Gad Edery: “Photography is a known and unknown market”

Decision makers. In 2008, why did you choose to create a gallery specializing in photography?

Gad Edery† I wanted everyone to have access to the photo. The price of the paintings was already very high and so were the drawings of emerging or well-known artists. The ‘classic’ photography market was still in its infancy and many photographers, present in major museums, had stayed outside the speculative bubble of the art market. I’ve tried to put certain photographers back in the spotlight and help buyers understand their importance in the history of art and photography.

What is the evolution of the photography market?

It all depends on which market we are talking about, because there is not just one market. There are different categories of photos: information and reportage photos for newspapers or magazines, photos for commercial and advertising use, art photos. Let’s also mention the different categories of art photos: fashion, animal, climate and environment, spatial. Within each of these categories, there are several subcategories. Without forgetting 19th century photography, travel photography and plastic photography. In reality, it is a limited market, with few specialists.

Has the health crisis had an impact?

Yes. I see an increasing demand from individuals, companies and governments. Private individuals had more time to think about their collection and the design of their interior. They took the opportunity to acquire works they liked and often bought them online for their homes in click and collect. Since the end of the health crisis, companies and law firms are increasingly organizing exhibitions in their buildings and requesting these projects. Local authorities and administrations are not excluded. I developed a turnkey rental company for exhibitions, both indoors and outdoors.

“Since the end of the health crisis, companies and law firms are increasingly organizing exhibitions in their premises”

I am also alert to the evolution of the NFT market. The new generations are sensitive to it. This allows those who would never have pushed the door of a museum or gallery to take an interest in art. There is a form of democratization with this new medium.

You are one of the leading gallery owners specializing in aerospace. Can you explain this choice to us?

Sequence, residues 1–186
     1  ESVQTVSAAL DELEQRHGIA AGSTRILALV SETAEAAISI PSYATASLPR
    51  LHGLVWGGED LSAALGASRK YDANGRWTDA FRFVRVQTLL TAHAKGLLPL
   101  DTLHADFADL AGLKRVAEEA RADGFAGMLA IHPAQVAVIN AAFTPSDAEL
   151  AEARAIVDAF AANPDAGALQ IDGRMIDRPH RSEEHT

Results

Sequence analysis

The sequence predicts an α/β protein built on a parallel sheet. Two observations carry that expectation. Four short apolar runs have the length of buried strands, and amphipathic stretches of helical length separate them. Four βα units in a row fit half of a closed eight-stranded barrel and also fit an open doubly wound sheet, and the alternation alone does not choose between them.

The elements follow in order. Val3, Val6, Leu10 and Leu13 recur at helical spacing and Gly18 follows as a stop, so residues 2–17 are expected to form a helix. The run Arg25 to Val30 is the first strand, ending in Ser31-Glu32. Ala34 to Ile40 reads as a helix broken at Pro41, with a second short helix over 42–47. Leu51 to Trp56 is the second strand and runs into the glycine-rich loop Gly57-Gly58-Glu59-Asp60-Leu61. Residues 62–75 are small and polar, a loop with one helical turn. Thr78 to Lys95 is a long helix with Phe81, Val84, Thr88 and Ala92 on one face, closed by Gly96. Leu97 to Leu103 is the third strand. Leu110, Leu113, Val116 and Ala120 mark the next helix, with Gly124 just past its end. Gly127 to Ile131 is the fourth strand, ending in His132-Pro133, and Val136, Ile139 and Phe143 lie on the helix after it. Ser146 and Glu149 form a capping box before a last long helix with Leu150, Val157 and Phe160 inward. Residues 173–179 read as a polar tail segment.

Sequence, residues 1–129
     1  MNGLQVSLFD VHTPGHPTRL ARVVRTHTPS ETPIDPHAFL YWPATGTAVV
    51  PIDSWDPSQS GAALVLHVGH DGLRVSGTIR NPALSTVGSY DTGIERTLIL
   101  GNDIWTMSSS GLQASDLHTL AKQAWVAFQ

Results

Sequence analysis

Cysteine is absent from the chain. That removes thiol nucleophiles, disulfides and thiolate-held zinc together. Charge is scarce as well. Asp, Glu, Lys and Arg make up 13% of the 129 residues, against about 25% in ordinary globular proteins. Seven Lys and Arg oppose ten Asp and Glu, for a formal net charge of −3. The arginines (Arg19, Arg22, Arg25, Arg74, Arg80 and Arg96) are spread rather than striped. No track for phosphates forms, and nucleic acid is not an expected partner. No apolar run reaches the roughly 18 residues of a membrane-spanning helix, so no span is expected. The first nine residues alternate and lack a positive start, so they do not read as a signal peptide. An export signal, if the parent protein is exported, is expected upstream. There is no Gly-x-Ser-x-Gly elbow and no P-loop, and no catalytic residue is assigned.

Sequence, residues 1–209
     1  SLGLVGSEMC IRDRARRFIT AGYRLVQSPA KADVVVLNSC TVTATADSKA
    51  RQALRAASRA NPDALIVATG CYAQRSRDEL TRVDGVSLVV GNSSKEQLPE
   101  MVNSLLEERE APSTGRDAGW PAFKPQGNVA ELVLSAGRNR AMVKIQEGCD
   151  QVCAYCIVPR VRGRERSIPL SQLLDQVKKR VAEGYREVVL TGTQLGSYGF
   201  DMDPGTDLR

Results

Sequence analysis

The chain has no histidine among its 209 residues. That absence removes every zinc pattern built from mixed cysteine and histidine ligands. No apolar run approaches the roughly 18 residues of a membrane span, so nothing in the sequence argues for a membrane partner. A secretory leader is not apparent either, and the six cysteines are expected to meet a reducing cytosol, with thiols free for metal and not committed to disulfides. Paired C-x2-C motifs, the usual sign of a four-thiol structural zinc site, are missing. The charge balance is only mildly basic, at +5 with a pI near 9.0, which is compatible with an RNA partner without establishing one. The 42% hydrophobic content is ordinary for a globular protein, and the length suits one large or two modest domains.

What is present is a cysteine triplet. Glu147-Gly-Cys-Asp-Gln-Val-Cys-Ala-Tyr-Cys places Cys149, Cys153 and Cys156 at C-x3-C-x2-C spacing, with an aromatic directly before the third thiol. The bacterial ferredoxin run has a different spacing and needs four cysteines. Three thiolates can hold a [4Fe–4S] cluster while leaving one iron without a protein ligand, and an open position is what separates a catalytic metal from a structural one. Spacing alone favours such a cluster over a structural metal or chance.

This has been a passion since childhood. I have always been interested in the solar system, stars and planets. Already at school I had my head in the stars with a dreamy side. One day I accidentally discovered that NASA photos were for sale. I bought one, then two, then three, then many more.

At that time, no one was interested in it and I was able to acquire a lot of what I liked. I met Buzz Aldrin in 2014 in London. I was like a kid meeting his favorite football player or rock star. He seemed intrigued by my background and impressed with my photo collection. When I showed him some of them, he looked at me in surprise and asked me how I got these pictures that he didn’t have himself.

In the years 2016-2017 there was an explosion in the space photography market: we moved from scientific and documentary photography to historical and aesthetic photography. With the first steps of man on the moon, mankind took a new turn. It is an unprecedented historical fact, the art market has corrected this flaw and prices have started to rise seriously. This trend is confirmed year after year with record sales such as that of Christie’s in November 2020. At the moment I am exhibiting the photos of Guillaume Cannat, Monsieur Astronomie du World. We stay in the same universe, but it’s space as seen from Earth.

I also have the opportunity to represent great photographers known in fields as diverse as environmental photography (Cássio Vasconcellos, Paul Nicklen, Mitch Dobrowner), nature photography (Kyriakos Kaziras), Urbex (Romain Veillon), La Street Photography (Éric Houdoyer, Cássio Vasconcellos ), fashion photography (Ormond Gigli, Jean-Daniel Lorieux, Douglas Kirkland) or even photographers working with the concept of time like Stephen Wilkes. And much more to discover in the gallery.

What are the criteria that explain the value of a photo?

The first is obvious: supply and demand! But there are other parameters such as the size of the work, its age, the quality of the print, the reputation of the artist, the quality of the artistic work and its originality.

Are your customers insiders or amateurs?

My clients are amateurs, insiders and people who want to be surrounded by beautiful things. Their projects are not the same according to their level of knowledge. It is my pleasure to share my passion with them when they come to the gallery, answer their questions and make them aware of art. Many are the first to push the door of a gallery and many come back regularly to see me during the exhibitions.

More information user manual : After spending fifteen years in the commercial space between London, Paris and Geneva, in 2008 Gad Edery decided to devote himself to his passion for art by opening a gallery entirely devoted to photography.

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